It’s Monday morning in mid-April, and I’m sitting in a many-couched conference room at Microsoft’s campus in Redmond with three other entities: chief product officer Marc Whitten; senior VP of marketing strategy Yusuf Mehdi; and a pedestal in the corner with a cloth draped over it. For 30 minutes, the two executives have been talking about the future of Xbox—about the need to “re-architect the living room for the 21st century,” about “a new generation of entertainment,” and other lofty corporate statements that tend to go hand in hand with many-couched conference rooms. They’ve also been pointedly ignoring the pedestal. I know what they’re doing, and it’s working. I want to see what’s under that cloth, and it’s driving me crazy. Little-kid-on-Christmas-morning crazy. Very-nearly-squirming-in-my-seat crazy. Finally, Whitten takes pity on me, and he walks over to the pedestal. “Here it is,” he says; he lifts the cloth.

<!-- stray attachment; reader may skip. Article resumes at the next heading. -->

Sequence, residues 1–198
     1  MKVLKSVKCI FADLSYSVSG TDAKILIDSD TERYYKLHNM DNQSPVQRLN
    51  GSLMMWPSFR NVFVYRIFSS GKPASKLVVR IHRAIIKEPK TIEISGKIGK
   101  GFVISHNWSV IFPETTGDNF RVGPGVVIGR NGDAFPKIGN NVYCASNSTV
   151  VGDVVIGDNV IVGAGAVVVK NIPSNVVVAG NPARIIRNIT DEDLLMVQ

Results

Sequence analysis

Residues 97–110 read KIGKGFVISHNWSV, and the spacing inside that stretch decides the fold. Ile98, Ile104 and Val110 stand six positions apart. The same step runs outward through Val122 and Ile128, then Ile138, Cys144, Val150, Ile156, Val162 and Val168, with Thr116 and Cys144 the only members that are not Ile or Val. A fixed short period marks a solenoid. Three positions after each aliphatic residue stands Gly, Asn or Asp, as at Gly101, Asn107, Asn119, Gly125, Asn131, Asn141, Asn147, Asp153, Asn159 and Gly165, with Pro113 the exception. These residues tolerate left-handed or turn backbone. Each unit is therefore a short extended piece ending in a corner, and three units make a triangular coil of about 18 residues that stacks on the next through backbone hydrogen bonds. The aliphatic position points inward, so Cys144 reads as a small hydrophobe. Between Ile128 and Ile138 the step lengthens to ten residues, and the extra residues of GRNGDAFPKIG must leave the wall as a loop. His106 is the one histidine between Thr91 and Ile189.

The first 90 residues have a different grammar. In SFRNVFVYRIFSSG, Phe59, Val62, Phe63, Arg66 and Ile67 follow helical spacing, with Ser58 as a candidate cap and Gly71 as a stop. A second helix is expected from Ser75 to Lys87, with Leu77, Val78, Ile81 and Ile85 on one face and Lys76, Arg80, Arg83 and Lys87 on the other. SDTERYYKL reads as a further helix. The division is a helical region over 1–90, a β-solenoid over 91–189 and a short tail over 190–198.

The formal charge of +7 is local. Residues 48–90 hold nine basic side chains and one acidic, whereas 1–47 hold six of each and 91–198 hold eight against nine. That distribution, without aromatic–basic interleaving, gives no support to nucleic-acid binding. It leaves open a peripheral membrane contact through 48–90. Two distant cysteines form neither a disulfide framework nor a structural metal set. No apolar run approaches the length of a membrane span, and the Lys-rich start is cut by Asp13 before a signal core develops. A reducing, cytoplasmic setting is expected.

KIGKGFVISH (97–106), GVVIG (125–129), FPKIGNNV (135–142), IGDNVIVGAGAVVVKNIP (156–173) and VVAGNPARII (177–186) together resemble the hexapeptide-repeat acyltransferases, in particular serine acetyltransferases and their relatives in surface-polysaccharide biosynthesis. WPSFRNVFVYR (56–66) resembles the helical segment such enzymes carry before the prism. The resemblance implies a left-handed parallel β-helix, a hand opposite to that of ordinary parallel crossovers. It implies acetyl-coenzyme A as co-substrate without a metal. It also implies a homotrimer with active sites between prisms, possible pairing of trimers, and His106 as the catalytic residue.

And here’s the Xbox One.